Author + information
- Valentin Fuster, MD, PhD∗ ()
- Zena and Michael A. Wiener Cardiovascular Institute, Icahn School of Medicine at Mount Sinai, New York, New York
- ↵∗Address for correspondence:
Dr. Valentin Fuster, Zena and Michael A. Wiener Cardiovascular Institute, Icahn School of Medicine at Mount Sinai, One Gustave L. Levy Place, New York, New York 10029.
“A population that does not care for children and the elderly abuses the memory of the past and promise for the future.”
—Pope Francis (1)
The global population nearly tripled from 1950 to 2010 (2). However, shrinking fertility rates and longer lifespans are changing the global demographic landscape, resulting in human population rates that are actually on the decline (Figure 1). Within the context of such decline, over the next 40 to 60 years, the old will outnumber the young in nearly every country (Figure 2). In fact, the United Nations (UN) Population Division projects that the population over the age of 60 years will increase from more than 800 million today (representing 11% of the world population) to more than 2 billion in 2050 (representing 22% of the world population) (3).
When examining the demographics of specific high-income countries, the situation looks even more disconcerting. To maintain a replacement population, the necessary fertility rate is 2.1% per woman (4). Thus, without a replacement baby population, the aging population will be the country’s prevailing demographics. For example, in 1995, only 1 country, Italy, had more people older than age 65 years, compared with those younger than age 15 years. Today, there are 30 countries, and this number will reach 35 by 2020 (4). According to the UN, currently 20% of Japan's population is age 65 years or older (5), and more people in Japan will be older than age 80 years than less than age 15 years by 2030 (4).
The aging population will result in a tremendous challenge for health care across these countries, both in dealing with the tidal wave of noncommunicable diseases and in determining how to appropriately deliver care for this burgeoning group. In response, forward-thinking countries are developing strategies to combat the potential problem. For instance, in Japan, which is at the forefront of this demographic shift, it is predicted that there will be a shortage of 1 million caregivers by 2025 for the country (5). Thus, one-third of the Japanese government's budget is allocated to developing “carebots,” which are robots specifically designed to assist elderly people (5).
While Japan and others are assessing technological solutions, some countries are turning to more human possibilities. Many people are spending a great many more years in retirement, due to longer life expectancies. In 2007, the average man living in a high- to middle-income country left the labor force before age 64 years and could expect 18 years of retirement (6) (Figure 3). The average woman stopped working at age 63 years and looked forward to more than 22 years of retirement if adopting similar concepts of retirement (6) (Figure 3). Many high-income countries are likely going to push the retirement age up to reduce ever-increasing unfunded pension burdens.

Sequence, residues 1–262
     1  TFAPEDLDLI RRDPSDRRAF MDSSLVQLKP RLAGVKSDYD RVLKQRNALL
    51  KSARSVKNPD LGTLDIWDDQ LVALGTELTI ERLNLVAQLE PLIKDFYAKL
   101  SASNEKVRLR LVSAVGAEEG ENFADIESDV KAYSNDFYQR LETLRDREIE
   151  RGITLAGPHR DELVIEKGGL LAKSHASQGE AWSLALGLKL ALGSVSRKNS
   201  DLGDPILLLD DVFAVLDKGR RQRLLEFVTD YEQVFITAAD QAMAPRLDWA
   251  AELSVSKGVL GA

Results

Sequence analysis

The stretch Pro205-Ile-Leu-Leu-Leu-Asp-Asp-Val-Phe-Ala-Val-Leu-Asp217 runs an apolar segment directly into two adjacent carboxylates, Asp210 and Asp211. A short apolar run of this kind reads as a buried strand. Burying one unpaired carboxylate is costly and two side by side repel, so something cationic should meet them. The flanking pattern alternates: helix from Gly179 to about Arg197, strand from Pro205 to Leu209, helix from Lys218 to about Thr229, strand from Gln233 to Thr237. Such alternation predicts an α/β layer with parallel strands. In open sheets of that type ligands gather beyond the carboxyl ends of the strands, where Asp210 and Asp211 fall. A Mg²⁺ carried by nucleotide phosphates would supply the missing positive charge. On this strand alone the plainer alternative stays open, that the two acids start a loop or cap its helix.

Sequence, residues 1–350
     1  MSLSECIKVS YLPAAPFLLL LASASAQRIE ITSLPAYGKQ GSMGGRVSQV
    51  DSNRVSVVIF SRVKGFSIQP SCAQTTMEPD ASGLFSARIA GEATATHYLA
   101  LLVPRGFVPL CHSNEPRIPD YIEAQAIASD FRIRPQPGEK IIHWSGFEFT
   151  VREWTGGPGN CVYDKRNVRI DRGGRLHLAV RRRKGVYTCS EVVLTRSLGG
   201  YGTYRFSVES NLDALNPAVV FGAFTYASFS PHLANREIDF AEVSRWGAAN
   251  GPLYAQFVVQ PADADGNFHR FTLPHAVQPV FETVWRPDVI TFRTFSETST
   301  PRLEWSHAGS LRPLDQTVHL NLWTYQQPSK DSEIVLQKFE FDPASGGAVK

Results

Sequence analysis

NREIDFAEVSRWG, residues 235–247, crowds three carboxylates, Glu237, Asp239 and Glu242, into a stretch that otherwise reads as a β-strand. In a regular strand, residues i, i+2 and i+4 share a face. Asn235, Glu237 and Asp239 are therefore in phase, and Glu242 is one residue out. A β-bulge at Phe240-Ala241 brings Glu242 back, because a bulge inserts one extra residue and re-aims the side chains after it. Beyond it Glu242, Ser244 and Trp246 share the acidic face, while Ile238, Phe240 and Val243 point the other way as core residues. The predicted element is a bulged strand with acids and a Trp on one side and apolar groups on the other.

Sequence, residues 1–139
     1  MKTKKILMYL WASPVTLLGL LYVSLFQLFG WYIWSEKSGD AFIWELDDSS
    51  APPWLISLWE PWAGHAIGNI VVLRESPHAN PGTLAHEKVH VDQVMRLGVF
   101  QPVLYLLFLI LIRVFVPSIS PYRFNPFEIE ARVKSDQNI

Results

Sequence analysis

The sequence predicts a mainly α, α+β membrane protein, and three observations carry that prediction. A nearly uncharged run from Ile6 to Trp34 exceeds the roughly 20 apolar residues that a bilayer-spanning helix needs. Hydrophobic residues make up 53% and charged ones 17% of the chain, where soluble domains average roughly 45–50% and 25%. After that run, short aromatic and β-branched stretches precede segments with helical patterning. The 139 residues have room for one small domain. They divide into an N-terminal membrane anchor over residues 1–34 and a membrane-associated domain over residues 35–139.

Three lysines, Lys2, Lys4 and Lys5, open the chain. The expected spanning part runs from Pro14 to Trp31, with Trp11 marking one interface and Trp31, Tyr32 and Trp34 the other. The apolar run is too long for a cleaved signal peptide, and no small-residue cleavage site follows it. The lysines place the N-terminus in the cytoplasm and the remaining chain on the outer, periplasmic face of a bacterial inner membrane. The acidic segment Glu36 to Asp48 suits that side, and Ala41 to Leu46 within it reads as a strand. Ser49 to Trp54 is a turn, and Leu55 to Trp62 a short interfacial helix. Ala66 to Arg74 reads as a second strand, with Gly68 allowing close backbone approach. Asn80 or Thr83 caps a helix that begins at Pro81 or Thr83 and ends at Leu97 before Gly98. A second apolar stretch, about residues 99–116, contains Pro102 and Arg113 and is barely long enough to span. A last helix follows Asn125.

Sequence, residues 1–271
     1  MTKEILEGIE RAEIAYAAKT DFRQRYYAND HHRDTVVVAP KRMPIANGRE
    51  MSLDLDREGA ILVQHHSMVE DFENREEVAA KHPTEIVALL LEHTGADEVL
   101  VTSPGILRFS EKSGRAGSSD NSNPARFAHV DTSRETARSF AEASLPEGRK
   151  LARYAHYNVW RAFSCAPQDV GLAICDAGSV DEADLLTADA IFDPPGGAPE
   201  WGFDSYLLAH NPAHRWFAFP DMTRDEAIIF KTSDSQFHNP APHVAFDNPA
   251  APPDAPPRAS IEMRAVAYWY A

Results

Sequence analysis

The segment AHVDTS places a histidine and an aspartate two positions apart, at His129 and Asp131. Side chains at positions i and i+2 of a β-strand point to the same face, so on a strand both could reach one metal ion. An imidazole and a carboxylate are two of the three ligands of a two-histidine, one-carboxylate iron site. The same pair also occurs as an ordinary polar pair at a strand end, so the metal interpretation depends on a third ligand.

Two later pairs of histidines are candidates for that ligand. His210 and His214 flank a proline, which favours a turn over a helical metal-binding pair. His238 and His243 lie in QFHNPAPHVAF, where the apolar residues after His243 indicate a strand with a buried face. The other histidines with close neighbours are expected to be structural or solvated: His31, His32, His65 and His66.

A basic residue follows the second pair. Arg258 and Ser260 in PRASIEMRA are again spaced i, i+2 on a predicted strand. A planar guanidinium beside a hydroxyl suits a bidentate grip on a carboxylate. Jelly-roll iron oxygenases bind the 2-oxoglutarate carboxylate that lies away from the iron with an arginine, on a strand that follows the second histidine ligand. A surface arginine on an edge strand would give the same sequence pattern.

Another option is to have this retired population care for the elderly population. This “gradual retirement” plan would allow older individuals to reduce working hours, but remain in the workforce to pay taxes until a later age and furnish options for and reward volunteering, care, and artistic activities among older society members (7). For a time, this could increase the “active population,” who will not be replaced by a youth population.
Full Range of Policy Considerations
In Spain, there has been an increased focus on establishing a full range of national policies to protect this population. For example, pharmaceuticals are free for those age 65 years or older. The country also actively participated, together with the UN, in organizing the Second World Assembly on Aging, held in Madrid 15 years ago, with a focus on the implications of population aging (8). In 2007, the UN Economic Commission for Europe Ministerial Conference on Aging was held in León, Spain. The UN Economic Commission for Europe member countries at this conference established criteria to foster actions aimed toward the promotion of health, active aging, independent living, social participation, and lifelong learning (IMSERSO, 2012a). Public health care expenditures for Spain, including long-term care, are among the lowest percent of gross domestic product of European countries, although quality of health care is regarded as “quite good” (9).